War. The possibility at last exists that war may be defeated on the linguistic plane. If war is an extreme metaphor, we may defeat it by devising metaphors that are even more extreme.
—J. G. Ballard, “Project for a Glossary of the Twentieth Century”1
Leaflets were first deployed as a tactical weapon of war by the Germans during World War I to announce their imminent descent upon Paris [Fig 1]. From that time forward, paper has rained from the skies during nearly every war (including the Cold War) to persuade the enemy to abandon its position [Fig. 2].2 More recently, a storm of text inundated landscapes in Iraq, where millions of leaflets were routinely dropped by the United States military both prior to and during the war to demoralize soldiers and civilian workers. According to the Guardian, one leaflet warns Iraqis that by repairing damaged communication infrastructure: “‘you are risking your life,’” because “‘the cables are tools used to suppress the Iraqi people by Saddam and his regime, they are targeted for destruction’” [Fig 3].3 The leaflets, which blanket the ground to ensure easy visibility, create a literal terrain of propaganda: an environment that destabilizes by surrounding the adversary. With a deluge of millions of leaflets, often in a single day, it seems the sky is nearly falling; in the littered, war-strewn landscape is the material register of engineered and endless doubts.
As missives of threat, information, or persuasion, leaflets are a critical medium in the U.S. military’s Psychological Operations (PSYOPs). During the Gulf War almost 30 million leaflets were distributed, including the coveted “surrender passes,” some of which were designed as full-color 25-dinar bank notes to attract soldiers’ attention [Fig. 4].4 Leaflets in the form of fake money were also littered on Vietnam, and in Afghanistan blue leaflets the size of dollar bills announced an award of $5 million for information on the location of Taliban leaders and al-Qaeda allies. Since October 2002, in the months leading up to Operation Iraqi Freedom, the U.S. dropped over 33 million leaflets urging Iraqis not to support Saddam Hussein. A psychological campaign intended to destabilize and conquer opposing forces, these “weapons of mass persuasion” are part of an ongoing campaign to spread ominous information. The intent of psychological warfare, as the authors of Shock and Awe (an influential text focused on military strategies for psychologically disabling the enemy) indicate, is to “destroy, defeat, and neuter the will of an adversary to resist; or convince the adversary to accept our terms and aims short of using force.” To neuter is to render powerless through amputation, where shock numbs and destroys the adversary’s perception through “deception, confusion, misinformation, and disinformation, perhaps in massive amounts.”5 Part of a wartime strategy of “rapid dominance,” these attempts to deploy dubious communications capitalize on structures of doubt (as well as the capacity of media to render the real), where the unknown and unverifiable devise a contested terrain. The leaflet drop activates doubt at three primary levels: first, through its materiality—both light and easily distributed—which contributes to the construction of fact; second, through the forceful, direct and descending delivery of the leaflet, which renders information at once convincing and nearly mythical; and third, through the landscape, which as both battlefield and “outside” condition, challenges the authority of the text.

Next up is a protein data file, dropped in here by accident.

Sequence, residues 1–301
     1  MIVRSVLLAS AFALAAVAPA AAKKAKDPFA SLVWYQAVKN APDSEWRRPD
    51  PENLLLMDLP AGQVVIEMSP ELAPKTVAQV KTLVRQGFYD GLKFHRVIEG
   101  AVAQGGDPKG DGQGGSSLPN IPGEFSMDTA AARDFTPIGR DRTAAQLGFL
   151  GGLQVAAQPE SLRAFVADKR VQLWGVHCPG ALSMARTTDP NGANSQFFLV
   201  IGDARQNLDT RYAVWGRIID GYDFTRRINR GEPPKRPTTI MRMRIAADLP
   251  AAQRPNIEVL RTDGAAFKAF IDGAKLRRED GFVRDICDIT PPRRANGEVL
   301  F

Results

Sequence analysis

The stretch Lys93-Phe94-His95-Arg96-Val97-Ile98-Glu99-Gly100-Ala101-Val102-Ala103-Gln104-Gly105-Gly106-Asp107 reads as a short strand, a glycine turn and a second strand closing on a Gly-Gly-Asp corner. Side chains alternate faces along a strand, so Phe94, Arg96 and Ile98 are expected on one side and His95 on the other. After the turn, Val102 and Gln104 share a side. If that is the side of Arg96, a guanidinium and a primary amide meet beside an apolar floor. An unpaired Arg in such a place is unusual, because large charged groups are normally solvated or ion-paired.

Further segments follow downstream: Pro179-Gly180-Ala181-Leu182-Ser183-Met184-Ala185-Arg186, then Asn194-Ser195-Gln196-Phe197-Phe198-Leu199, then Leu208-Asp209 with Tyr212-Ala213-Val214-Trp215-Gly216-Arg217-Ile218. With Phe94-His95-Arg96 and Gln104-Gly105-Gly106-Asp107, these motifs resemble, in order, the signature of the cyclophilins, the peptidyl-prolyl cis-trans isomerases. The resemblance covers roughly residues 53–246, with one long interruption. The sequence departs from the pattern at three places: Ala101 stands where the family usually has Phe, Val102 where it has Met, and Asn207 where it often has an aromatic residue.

What has been called, “bombing the enemy with ideas,” the leaflet drop is a carefully orchestrated campaign to cast doubt in enemy territory, and to force the surrender of troops by a bombardment of “facts.” Indeed, leaflets are often accompanied by photographs that serve as forewarning or “proof” of destruction wreaked in nearby territories [Fig. 5]. The Federation of American Scientists (FAS) indicates, “credible and verifiable facts whether favorable or not, are the backbone of the leaflet message because they demand attention.”6 While some leaflets document destruction, others attempt to goad soldiers into desertion and surrender by convincing them that their lives will improve under a new regime. Facts mutate in this context, where the basis for verification is thrown into disarray. “Verbal unanchoredness,” as a condition of war, occurs by withholding and manipulating information, a strategy that Elaine Scarry describes where “the utter derealization of verbal meaning” may generate “the presence of fictions or, more drastically, ‘lies.’” Lies are like wounds, an injurious strategy where the ability to “make real” is a sovereign operation used to define territory and ideology.7 In an effort to counter the endless air-dropped messages that define both the real and its landscapes, the Iraqi government has announced that the leaflets are contaminated with deadly chemicals, and to prove its point has sent out Iraqi soldiers in chemical warfare suits to collect the leaflets. At the same time, the Iraq Ministry of Information has dropped its own leaflets in an attempt to discredit the U.S. military campaign and to play on the anxieties of American soldiers. A performance of fact takes place on the battlefield where the warring factions each attempt to discredit the other, going to elaborate lengths to manipulate the landscape of information [Fig. 6 & Fig. 7].
Within the context of war, text contains explosive possibilities, staking out a veritable minefield. Oscillating between fact and fiction, text expands the realm of the possible. As Scarry suggests, “each verbal utterance has at all times the explosive duality of being at once very possibly true and very possibly false.”8 Yet the force with which information is conveyed is equally critical to its sense of certainty, which may explain why Paul Virilio argues that “news is dynamite, information explodes like a bomb, opinion polls or war propaganda are time bombs” [Fig. 8].9 While leaflets explode through the deployment of leaflet bombs, text verges on fulmination in other contexts. In fact, Peter Schwenger suggests this may have been a condition of language all along, where text often verges on “undecidability.” When sentences burst, as he cites of Maurice Blanchot’s The Writing of Disaster, truth is also thrown into question, a moment when “‘knowledge becomes finer and lighter,’” and finally abandons its position of mastery to efface itself.10 Here are two sides to truth: a strategic dismantling and controlling to garner success in war and a suspension and revocation to arrive at creative possibility. This continuum, as will be discussed below, is not by accident. But as Blanchot indicates, before truth explodes it becomes lighter [Fig. 9].